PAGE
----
I’m very grateful for the opportunity to work with these remarkable women and for their having fallen into my life, (or I into theirs?)

photo by Laura Neese
N:  We had a very brief conversation about the insular-ness of many dance communities. While struggling to acquire very limited resources it's easy to take on a "me against the world" attitude. What are some ways that you have tried to fight against that mentality for yourself and those around you? What do you see as the benefits of creating a broader, more communicative and sharing dance community?

LN:  KitchenSink definitely helps ameliorate some of the “me against the world” feelings… though as an outer borough dwelling artist (of that obscure, “pretentious,” modern dance kind of art) the issue can become quite pernicious. However even in Staten Island, the borough most underserved in arts education and venues, I have found a resilient though somewhat fragmented arts community. Knocking on doors, finding out about and participating in creative events (especially those that bleed outside of your own discipline) I have found to be invaluable in a) meeting new, interesting people, with new, interesting perspectives, b) leading to new opportunities, c) finding people really do appreciate your strange art form if they have a reason and chance to see it. d) new reasons to share what you do with other people and to help people share what they do…. And it keeps going.

Diving into explorations of other arts- taking workshops in different things- helps me to recognize the continuity of the creative process across mediums, recognize strengths and weaknesses of different modes of working, and to remember to not take myself too seriously (though to take the craft seriously).

Some of my most interesting dance related experiences as a performer, choreographer, and otherwise creative conspirator have occurred in non-traditional dance settings: collaborating with musicians, filmmakers, theatre practitioners, photographers, and “normal” community members.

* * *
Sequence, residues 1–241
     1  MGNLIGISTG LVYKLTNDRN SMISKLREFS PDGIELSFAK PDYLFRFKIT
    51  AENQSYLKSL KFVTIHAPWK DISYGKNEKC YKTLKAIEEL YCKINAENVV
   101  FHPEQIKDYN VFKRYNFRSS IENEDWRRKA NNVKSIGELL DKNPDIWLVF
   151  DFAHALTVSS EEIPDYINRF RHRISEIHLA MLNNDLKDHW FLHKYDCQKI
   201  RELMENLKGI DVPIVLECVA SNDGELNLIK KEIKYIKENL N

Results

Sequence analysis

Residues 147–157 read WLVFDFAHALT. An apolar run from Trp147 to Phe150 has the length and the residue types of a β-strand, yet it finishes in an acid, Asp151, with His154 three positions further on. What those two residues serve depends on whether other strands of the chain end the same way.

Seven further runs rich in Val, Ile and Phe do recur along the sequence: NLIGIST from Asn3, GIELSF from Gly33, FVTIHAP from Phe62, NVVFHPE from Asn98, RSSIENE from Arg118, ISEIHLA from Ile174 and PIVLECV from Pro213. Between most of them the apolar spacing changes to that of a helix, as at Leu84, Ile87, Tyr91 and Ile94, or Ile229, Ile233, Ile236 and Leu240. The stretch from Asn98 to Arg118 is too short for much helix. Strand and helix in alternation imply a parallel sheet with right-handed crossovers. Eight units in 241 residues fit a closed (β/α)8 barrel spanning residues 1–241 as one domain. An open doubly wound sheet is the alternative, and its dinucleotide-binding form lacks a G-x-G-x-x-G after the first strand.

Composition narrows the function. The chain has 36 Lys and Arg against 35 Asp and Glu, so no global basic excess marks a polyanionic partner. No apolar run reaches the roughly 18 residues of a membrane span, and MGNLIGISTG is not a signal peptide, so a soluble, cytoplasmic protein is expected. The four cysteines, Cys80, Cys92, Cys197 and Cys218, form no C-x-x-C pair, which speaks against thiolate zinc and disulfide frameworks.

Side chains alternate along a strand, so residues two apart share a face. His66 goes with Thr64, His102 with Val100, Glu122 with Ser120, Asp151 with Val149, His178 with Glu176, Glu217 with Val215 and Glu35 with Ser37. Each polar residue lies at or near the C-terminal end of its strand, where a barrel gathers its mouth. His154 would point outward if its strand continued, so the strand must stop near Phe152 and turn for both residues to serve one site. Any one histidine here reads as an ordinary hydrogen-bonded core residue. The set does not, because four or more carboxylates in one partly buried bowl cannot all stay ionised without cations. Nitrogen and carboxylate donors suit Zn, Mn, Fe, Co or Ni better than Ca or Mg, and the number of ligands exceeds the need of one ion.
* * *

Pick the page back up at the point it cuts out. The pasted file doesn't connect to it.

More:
I believe it is important to not only keep dialogues going within the dance community, but also to extend the invitation beyond the dance regulars. Face it, we get esoteric, we get stuffy, we get into patterns of what is “in” and “isn’t.” We get stuck in ruts. And we get frustrated when no one shows up.

If we individually want to improve our art making – and stay interested & interesting - I believe it is vital to experience many other kinds of art as a spectator or participant. (Maybe art is painting, or storytelling, or a craft, or acting, teaching, computer programming?)

If we, individually, invite other people who would or could be interested in dance -if they were exposed to it- into the conversation, would the field not be richer indeed?

photo by Eric Bandiero
N:  People in the arts often develop strong mentor/mentee relationships. Did/do you have a mentor throughout your career? Do you have a person or people that you have taken the mentorship role for now that you're a more established artist? How do you feel those relationships change your work?

LN:  My first, and perhaps most influential mentor in dance was my first teacher Rosemary Cappozalo. She was passionate about clean, healthy, refined technique, but also about the idea of generosity in performance. Performance without love behind it didn’t mean anything.

I didn’t know at the time, but she instilled in me a subconscious understanding of this at an early age. She trained me in basics of teaching, and inspired me to take the art form seriously, and notice the positive impact arts can have in communities if allowed to thrive. Although she’s no longer here, I often think of her when I’m stuck, or frustrated, or need guidance.

Now as an educator myself I function as a mentor at times for specific dance students, (and academic tutees). For these individuals, I usually find myself acting as a confidence coach. Whether they are performing on stage or on an exam I recognize that students need to find the desire and determination within themselves to put in the necessary work, and then trust their own abilities to do it. This sort of consistent engagement with students is a reminder to appreciate process in general.